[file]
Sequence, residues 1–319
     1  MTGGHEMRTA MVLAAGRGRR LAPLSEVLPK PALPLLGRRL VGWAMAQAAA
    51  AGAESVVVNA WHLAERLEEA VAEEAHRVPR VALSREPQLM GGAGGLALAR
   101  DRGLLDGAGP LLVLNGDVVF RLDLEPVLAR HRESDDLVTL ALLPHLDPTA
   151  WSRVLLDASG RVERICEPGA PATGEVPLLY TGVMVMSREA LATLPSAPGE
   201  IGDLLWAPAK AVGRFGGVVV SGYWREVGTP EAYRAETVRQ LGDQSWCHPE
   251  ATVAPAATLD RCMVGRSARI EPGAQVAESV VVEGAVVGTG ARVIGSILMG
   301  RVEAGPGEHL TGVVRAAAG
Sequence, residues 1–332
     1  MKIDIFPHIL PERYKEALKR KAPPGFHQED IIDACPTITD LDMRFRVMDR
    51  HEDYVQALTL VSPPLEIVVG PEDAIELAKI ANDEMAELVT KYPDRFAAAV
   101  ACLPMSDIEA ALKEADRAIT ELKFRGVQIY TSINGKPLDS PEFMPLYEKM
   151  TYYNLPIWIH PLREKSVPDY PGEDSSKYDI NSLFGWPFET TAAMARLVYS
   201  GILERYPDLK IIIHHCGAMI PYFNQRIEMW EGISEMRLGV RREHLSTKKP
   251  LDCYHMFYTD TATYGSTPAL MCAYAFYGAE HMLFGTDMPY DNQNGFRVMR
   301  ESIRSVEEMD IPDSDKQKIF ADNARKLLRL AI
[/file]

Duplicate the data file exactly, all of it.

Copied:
Sequence, residues 1–319
     1  MTGGHEMRTA MVLAAGRGRR LAPLSEVLPK PALPLLGRRL VGWAMAQAAA
    51  AGAESVVVNA WHLAERLEEA VAEEAHRVPR VALSREPQLM GGAGGLALAR
   101  DRGLLDGAGP LLVLNGDVVF RLDLEPVLAR HRESDDLVTL ALLPHLDPTA
   151  WSRVLLDASG RVERICEPGA PATGEVPLLY TGVMVMSREA LATLPSAPGE
   201  IGDLLWAPAK AVGRFGGVVV SGYWREVGTP EAYRAETVRQ LGDQSWCHPE
   251  ATVAPAATLD RCMVGRSARI EPGAQVAESV VVEGAVVGTG ARVIGSILMG
   301  RVEAGPGEHL TGVVRAAAG
Sequence, residues 1–332
     1  MKIDIFPHIL PERYKEALKR KAPPGFHQED IIDACPTITD LDMRFRVMDR
    51  HEDYVQALTL VSPPLEIVVG PEDAIELAKI ANDEMAELVT KYPDRFAAAV
   101  ACLPMSDIEA ALKEADRAIT ELKFRGVQIY TSINGKPLDS PEFMPLYEKM
   151  TYYNLPIWIH PLREKSVPDY PGEDSSKYDI NSLFGWPFET TAAMARLVYS
   201  GILERYPDLK IIIHHCGAMI PYFNQRIEMW EGISEMRLGV RREHLSTKKP
   251  LDCYHMFYTD TATYGSTPAL MCAYAFYGAE HMLFGTDMPY DNQNGFRVMR
   301  ESIRSVEEMD IPDSDKQKIF ADNARKLLRL AI